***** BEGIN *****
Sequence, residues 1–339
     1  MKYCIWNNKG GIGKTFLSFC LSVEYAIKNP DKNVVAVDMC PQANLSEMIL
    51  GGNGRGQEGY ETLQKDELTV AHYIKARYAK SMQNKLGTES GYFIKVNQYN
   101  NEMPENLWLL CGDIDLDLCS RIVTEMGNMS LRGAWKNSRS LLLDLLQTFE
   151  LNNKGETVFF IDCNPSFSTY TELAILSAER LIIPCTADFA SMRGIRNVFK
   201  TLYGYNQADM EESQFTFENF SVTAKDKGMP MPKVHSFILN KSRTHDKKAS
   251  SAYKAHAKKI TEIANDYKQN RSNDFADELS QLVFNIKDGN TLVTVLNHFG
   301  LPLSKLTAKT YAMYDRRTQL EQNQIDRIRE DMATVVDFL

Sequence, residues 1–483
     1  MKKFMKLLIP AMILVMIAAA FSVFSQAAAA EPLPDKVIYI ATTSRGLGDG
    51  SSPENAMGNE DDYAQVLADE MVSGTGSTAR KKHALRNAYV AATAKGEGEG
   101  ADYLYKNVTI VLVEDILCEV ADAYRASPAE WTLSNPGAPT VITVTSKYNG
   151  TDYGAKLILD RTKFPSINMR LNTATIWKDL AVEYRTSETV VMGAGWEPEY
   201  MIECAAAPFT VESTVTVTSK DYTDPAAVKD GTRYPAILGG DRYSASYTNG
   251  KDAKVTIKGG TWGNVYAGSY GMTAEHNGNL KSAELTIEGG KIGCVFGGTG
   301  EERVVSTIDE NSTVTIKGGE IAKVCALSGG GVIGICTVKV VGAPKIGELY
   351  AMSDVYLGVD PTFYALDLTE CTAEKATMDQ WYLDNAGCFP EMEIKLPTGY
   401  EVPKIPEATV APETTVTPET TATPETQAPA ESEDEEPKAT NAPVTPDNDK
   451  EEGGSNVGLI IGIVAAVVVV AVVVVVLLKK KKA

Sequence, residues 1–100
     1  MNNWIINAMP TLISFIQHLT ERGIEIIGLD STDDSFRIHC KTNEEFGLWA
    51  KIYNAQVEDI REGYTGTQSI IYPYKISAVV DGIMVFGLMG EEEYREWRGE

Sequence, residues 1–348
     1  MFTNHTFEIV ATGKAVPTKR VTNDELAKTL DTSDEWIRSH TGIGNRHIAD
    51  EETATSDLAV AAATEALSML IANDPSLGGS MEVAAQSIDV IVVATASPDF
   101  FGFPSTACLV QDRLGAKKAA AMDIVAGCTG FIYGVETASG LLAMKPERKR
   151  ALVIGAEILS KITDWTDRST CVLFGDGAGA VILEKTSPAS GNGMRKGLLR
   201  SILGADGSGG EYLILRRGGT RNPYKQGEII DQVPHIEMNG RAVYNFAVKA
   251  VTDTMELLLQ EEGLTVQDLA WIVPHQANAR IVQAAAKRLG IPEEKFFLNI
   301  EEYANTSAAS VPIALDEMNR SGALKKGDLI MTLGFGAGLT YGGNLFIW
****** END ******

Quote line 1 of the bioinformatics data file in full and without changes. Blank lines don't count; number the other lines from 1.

Sequence, residues 1–339